General Information

Why Apply

Why apply for competitive national fellowships when the odds, per The Hunger Games, may not be ever in your favor? The Office of Fellowship Advising works to make sure that the application process for national fellowships is part of the educational mission of the College. Regardless of the outcome of your application, if you take the process seriously and work hard to create a strong application, you are guaranteed a number of positive outcomes:

  • Insight into your educational and career goals. In addition to spurring you to begin researching graduate programs and career trajectories, past applicants have found that the fellowship process has made them aware of opportunities they may have overlooked and helped them determine the best path to achieving goals.
  • Connections with faculty. Although asking for recommendations can seem stressful, doing so can be a way to seek more mentorship from faculty. Once they write a letter for one fellowship, it is fairly easy for them to submit additional recommendations for other fellowships or graduate programs.
  • Knowledge of how to be a strong applicant. Beyond Dartmouth, you will face many different application processes: for graduate school, jobs, grants, and other fellowships. After you apply for a national fellowship, you will have learned valuable skills about how to present yourself and write about your background and skills. You may also have the opportunity to develop interview skills.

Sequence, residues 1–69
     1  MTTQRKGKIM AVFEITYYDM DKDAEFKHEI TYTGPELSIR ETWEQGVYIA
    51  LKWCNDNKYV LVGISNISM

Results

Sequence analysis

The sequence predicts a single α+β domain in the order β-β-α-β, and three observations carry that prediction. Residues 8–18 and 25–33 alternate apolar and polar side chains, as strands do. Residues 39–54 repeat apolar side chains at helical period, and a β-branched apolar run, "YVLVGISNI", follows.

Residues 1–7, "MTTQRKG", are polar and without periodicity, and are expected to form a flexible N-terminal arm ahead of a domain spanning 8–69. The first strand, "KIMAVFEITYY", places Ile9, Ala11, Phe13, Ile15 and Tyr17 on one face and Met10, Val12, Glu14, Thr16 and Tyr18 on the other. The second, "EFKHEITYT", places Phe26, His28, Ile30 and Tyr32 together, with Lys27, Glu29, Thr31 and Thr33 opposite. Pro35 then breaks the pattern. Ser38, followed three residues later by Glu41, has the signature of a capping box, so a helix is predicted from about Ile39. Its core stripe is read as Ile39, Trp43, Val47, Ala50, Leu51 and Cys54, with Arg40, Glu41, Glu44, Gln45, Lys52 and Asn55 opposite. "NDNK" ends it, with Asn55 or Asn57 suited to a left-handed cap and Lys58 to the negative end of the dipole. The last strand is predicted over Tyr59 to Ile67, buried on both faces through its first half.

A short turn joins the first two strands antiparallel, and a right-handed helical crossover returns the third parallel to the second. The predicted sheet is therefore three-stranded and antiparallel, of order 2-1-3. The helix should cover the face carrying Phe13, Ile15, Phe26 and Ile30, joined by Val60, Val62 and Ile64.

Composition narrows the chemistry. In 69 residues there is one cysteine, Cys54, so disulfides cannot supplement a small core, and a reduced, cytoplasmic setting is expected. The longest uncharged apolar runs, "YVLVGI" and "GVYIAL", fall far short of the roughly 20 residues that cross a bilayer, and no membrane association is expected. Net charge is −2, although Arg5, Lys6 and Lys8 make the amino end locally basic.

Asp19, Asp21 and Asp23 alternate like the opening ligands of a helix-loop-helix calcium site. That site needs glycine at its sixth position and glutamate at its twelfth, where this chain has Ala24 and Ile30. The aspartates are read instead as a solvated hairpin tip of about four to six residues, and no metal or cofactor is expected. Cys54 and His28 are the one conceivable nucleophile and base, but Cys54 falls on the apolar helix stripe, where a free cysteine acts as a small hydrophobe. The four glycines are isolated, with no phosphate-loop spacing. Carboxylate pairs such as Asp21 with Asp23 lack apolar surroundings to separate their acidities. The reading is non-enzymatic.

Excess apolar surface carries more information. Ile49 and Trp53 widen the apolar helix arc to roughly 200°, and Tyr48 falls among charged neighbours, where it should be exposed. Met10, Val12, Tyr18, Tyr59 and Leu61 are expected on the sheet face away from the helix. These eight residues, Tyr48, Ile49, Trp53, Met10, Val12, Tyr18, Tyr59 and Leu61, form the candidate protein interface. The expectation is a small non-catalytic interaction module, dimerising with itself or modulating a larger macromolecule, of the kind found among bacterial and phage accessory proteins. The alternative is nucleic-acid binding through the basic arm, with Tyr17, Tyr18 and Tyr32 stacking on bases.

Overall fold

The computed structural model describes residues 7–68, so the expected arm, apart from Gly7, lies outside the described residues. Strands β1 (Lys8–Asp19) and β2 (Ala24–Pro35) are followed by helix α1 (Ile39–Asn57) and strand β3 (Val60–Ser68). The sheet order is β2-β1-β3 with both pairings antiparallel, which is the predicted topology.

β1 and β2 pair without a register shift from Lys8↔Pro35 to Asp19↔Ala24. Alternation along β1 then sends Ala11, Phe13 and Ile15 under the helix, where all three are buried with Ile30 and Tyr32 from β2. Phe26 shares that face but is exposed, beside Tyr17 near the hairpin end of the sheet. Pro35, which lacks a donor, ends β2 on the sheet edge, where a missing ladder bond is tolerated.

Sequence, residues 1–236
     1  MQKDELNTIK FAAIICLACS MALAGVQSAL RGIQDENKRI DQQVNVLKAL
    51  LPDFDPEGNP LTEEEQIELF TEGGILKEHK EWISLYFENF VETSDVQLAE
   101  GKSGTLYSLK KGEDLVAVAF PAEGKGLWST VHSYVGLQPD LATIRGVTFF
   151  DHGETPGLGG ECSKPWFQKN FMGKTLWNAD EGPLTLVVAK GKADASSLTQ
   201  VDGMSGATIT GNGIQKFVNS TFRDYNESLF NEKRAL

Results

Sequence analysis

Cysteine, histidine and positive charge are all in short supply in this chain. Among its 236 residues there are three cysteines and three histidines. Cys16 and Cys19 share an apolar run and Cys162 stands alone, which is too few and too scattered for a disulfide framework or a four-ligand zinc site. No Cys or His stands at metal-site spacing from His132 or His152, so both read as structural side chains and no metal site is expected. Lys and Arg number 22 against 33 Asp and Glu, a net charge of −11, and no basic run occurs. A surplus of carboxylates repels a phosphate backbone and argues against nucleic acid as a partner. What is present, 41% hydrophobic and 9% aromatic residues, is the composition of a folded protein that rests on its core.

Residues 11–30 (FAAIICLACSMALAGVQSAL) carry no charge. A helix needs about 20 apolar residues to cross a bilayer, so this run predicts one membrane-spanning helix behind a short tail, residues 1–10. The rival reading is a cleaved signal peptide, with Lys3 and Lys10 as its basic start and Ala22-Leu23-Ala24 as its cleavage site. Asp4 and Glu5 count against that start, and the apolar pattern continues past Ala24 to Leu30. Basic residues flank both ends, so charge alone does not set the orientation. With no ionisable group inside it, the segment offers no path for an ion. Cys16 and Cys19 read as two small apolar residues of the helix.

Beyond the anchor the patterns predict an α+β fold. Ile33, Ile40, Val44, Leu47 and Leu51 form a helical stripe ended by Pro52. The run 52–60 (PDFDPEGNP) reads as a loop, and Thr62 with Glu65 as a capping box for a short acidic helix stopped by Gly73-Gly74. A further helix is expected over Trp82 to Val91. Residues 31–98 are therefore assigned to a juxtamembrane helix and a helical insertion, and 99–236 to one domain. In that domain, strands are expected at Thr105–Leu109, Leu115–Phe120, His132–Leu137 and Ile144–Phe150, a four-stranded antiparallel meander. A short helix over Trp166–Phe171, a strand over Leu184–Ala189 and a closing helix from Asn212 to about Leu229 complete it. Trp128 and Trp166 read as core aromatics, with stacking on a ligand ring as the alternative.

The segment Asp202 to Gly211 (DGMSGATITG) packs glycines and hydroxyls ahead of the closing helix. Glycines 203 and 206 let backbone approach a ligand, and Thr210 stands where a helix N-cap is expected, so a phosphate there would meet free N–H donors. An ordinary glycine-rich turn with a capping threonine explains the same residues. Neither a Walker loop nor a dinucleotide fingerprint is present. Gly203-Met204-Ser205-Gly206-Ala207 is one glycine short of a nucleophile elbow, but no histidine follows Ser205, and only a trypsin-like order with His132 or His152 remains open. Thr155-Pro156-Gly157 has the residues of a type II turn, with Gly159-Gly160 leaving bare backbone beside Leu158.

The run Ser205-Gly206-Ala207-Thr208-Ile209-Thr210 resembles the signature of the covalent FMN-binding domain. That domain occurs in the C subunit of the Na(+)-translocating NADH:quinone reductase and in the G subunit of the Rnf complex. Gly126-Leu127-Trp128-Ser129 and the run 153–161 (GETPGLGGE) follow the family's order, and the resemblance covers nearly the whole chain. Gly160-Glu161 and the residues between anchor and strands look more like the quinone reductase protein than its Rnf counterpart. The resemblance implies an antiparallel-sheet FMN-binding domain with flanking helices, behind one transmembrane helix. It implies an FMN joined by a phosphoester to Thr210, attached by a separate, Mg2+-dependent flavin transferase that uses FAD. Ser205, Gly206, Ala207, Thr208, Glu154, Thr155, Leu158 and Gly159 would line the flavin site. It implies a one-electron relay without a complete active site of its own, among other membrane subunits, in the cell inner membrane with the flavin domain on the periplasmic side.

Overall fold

About Fellowships Requiring Endorsement

Many fellowships require that you be endorsed by your college or university before you can apply. At Dartmouth, endorsement decisions are made by the Committee on Graduate Fellowships, which is composed of faculty from across the college. If you are interested in applying for a fellowship that requires endorsement, you must ensure all application materials, including letters of recommendation, have been submitted to the Office of Fellowship Advising by the campus deadline, which generally falls at least a month before the final national deadline. The committee members then read applications from interested students and alumni, conduct interviews (for some fellowships), and then decide which applicants the College will endorse.

The “Application Information” section for each of the fellowships on our website gives details on the dates of campus deadlines and materials that will need to be submitted. In addition to preparing materials, you should plan to meet with the relevant fellowship advisor well before materials are due. If you are endorsed for a fellowship, the fellowship advisors will work with you to prepare final materials for the final (national) deadline for the fellowship.

In addition to the campus deadline, some fellowships (Rhodes, Marshall, Mitchell, and Fulbright) also have preliminary application deadlines While the preliminary application deadline is a “soft” deadline (unlike the campus deadline), we expect that you commit to the application process around this date and let us know you have done so by completing the online registration. The purpose of the preliminary application deadline is to give you the opportunity to receive feedback and work closely with an advisor. You should plan to submit draft materials for review within a week or two of the preliminary deadline.